infant survival suit."
If I'm going to tell humorous stories on NMFS and the USCG, I can't forget
the fisherman back East who put his boat up in the yard, yet the people
monitoring his Vessel Monitoring System beacon maintained he was at sea.
They were threatening to fine the pants off him for violating his
days-at-sea. The argument never was settled until a yard worker came in
and asked if anyone knew why a Jayhawk was flying around in circles over
the yard. NMFS does not admit that the VMS program has glitches, nor any
other of their many blunders.
The 'catch shares' debacle is really just a smokescreen to take attention
off the mismanagement of the U.S. fisheries by the National Marine
Fisheries Service. The NOAA/NMFS will point at problems and offer
solutions ad infinitum until Congress finally pulls the plug on them. And
rewrites the laws governing the oceans around our coasts. And put the onus
of managing the fish stocks on the locals.

Another


I feel so relieved. These confounded contraptions bedevil me and I was
sure it was something I was screwing up. With no adult supervision seems I
always get into trouble. Where the hell is Earl when you need him? On
another front, I believe I have solved the big puzzle. The final piece
that illustrated the whole big picture was Dr. Bullslinger's official
embrace of industrial mariculture as a replacement for wild harvest. The
picture is now complete. The Federal Government has decided to become The
Landlord of the EEZ. They want rent from everyone who accesses "their
property". Leasing out every square mile of ocean and every pound of fish
in it is the plan. The financial windfall is incalculable. From a logical
aproach, to achieve this goal, the first step is to eliminate the
homesteaders, We know who they, or we, are, and consolidate wild harvest
into the hands of industrial mari-business, who will in turn purchase
quota from the government at a given rate per metric ton. Fewer vessels
will require less bottom, freeing up millions of square miles to be leased
out to big oil and big mariculture. Think of the potential federal income
that could be generated. The recreational sector, who will be granted the
inshore waters, are already in line to pay to access their resource. The
inshore commercial fishery is being forced to sell out to the speculators.
Phase 1 is being implemented right now! Phase 2 is where "Doris gets her
oats", that's where the groundwork PEW has done provides the foundation
for the full scale industrialization of our oceans. Somebody please tell
me that I'm out of my mind! But I'm not. Think about it. Logically it all
adds up to this conclusion. It's not about you, or me, or fish, or
conservation, or warming, or jellyfish, Its about
$$$$$$$$$$$$$$$$$$$$$!!!!!!!!!!

Onshore
01-03-2010, 07:02 AM
Well, I guess not. A already have my Florida Saltwater License so, I wont be registering with NOAA now or next year.

bonefishdick
01-03-2010, 08:20 AM
I like most will remain confused about this Registry/License thing over the next few years and I will try to understand and cope the best way I know how to.

I guess that would be do what the right thing is now, Register and at some point buy the license when required. Then I will be covered at all times.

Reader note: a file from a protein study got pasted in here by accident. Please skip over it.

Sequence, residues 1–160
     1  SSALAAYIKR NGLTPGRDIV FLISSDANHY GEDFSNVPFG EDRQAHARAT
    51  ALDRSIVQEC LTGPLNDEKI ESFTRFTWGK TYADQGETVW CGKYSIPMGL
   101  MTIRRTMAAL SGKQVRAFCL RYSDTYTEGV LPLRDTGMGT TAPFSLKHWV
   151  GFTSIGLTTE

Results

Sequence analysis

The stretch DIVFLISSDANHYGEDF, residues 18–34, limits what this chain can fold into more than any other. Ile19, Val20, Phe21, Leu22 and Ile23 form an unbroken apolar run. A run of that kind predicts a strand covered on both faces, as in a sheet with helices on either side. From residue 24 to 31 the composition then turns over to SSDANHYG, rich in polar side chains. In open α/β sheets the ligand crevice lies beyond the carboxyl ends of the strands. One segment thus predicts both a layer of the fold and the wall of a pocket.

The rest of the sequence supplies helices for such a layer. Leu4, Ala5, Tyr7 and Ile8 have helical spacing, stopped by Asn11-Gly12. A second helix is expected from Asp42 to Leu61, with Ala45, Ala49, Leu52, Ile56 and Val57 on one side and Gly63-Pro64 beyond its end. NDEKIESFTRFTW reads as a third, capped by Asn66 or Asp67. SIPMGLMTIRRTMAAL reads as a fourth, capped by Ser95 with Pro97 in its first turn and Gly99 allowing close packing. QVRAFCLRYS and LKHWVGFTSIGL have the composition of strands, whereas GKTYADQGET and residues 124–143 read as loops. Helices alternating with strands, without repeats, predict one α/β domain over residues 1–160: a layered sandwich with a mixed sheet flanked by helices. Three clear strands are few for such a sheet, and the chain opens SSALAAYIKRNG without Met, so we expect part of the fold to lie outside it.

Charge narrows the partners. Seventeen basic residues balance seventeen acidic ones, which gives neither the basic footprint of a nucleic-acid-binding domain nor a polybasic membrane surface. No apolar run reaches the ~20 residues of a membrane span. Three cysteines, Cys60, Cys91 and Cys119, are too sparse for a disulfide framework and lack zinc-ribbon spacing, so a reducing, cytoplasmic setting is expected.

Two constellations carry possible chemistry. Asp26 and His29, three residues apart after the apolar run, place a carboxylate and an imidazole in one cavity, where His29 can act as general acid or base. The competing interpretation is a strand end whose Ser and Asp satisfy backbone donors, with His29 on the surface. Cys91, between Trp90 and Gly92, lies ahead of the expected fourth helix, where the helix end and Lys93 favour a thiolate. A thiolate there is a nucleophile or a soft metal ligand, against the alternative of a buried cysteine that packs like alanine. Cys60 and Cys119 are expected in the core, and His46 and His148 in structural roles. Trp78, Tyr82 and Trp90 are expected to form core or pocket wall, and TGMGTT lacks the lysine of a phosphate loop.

That being said I also have to say as I have before " I still don't like it, so on and so on"

I'm thinking of doing what Onshore did to solve the dilemma, he had the answer, move to someplace that already has a Salt Water License. The other big benefit, it's warm all the time. I wonder if he knew this mess was in the works.

Onshore
01-03-2010, 11:40 AM
I'm thinking of doing what Onshore did to solve the dilemma, he had the answer, move to someplace that already has a Salt Water License. The other big benefit, it's warm all the time. I wonder if he knew this mess was in the works.

No, no idea it would come so quick.

DanD
01-04-2010, 11:09 AM
Registering and licensing are not the same as regulating. We have had state regulations on striper fishing for years, both length and numbers. You can argue enforcement effectiveness, but it really has nothing to do with registration and licensing.
I can think of no good reason why the feds need to know everyone who fishes the ocean.
I, for one, will ignore this and hope it goes away. I hope others do the same.

Slappy
01-04-2010, 11:48 AM
I, for one, will ignore this and hope it goes away. I hope others do the same.


That is what I told the police office about the stop sign in my neighborhood, but he still gave me a ticket. ;)


I don't think this is going away for 2 reasons:
1. Money, the state won't stop a tax train for anyone to get off.
2. Management. The public has demanded that the government manage the fisheries better and they can't do it without better information.

DanD
01-04-2010, 02:32 PM
I checked their website and called NOAA. I asked what the penalty was for not registering. I was referred to a site that did not have any answer and when I told the guy at NOAA that, he was at a loss for words. I asked him if it was possible that there was NO penalty, and he did not answer.
I suspect there is no penalty at all, and they are trying to hide it. Toothless BS?

Slappy
01-04-2010, 03:58 PM
That is funny. Do you get the impression that no one really thought this would happen anddidn't plan for it?

I doubt it will matter in 2010, but when the states can get money from license fees and levy fines for non-compliance, then there may be some enforcement.